Nantahala National Forest (North Carolina).
Credit: Andrew Flenniken, flickr.
The mountains of western North Carolina are an American treasure, containing habitat for black bears, migratory birds, bobcats, numerous amphibians, reptiles and other wildlife; scenic landscapes including the Black Mountains, the highest range in the East; sources of clean water for local communities; and recreation opportunities like hiking, fishing and rafting. But an uncertain future awaits this area's wildest land unless the U.S. Forest Service properly evaluates lands here that may be candidates for wilderness protection.
The Forest Service is busy at work revising its management plan for the Pisgah and Nantahala national forests, which is decades old and in need of updates. The new plan will govern the way the million-acre-plus forest is cared for over the next 15 to 20 years, incorporating guidelines for "multiple uses" like outdoor recreation, timber harvest, wilderness and wildlife habitat conservation.
The final version of this plan will be released in late 2017, but a key preliminary step came in July: the release of wilderness evaluations for inventoried areas. These evaluations help determine which areas are analyzed for possible protection as federal wilderness.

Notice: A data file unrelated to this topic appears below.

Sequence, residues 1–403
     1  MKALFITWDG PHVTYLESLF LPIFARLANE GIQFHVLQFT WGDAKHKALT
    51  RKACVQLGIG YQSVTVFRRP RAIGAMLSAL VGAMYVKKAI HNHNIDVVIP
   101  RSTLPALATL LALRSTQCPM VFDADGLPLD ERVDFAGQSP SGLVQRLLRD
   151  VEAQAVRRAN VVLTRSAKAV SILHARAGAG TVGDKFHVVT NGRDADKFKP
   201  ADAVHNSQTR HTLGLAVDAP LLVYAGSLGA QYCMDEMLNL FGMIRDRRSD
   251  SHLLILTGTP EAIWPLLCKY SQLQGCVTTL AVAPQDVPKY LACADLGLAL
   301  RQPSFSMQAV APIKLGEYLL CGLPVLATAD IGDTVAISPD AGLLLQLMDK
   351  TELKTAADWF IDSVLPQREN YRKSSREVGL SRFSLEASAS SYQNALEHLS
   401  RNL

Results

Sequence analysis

Unfortunately, the results of the evaluations immediately alarmed conservationists because they failed to properly document the wilderness characteristics in the region. This will prevent deserving parts of the forest from being recommended for full wilderness protection.
Wilderness evaluation seriously flawed
In western North Carolina, there are over 350,000 acres of lands inventoried with "wilderness characteristics"--meaning that they provide opportunities for solitude and non-motorized recreation, protect old-growth forest and contain habitat for rare and threatened species, among other qualities.
Shining Rock Wilderness, in Pisgah National Forest. Credit: Matt Herring, flick.
These areas need to be properly evaluated, with the most deserving being considered for wilderness recommendations. Yet the U.S. Forest Service has proposed to consider only a fraction of that land. If the agency moves forward with its plan, it could leave valuable wildlands open to logging and road-building.
No new wilderness areas have been designated in North Carolina since 1984. We have to change that.
A growing population in the Southern Appalachians region is putting pressure on wild forests, making relatively untouched wildlands all the more precious for conservation, recreation and simple solitude. The Wilderness Society is working to make sure that these pressures don’t harm our national forests or disrupt wildlife. Please help us by asking the Forest Service to properly evaluate wilderness characteristics and recommend more wilderness protection in the Nantahala and Pisgah national forests.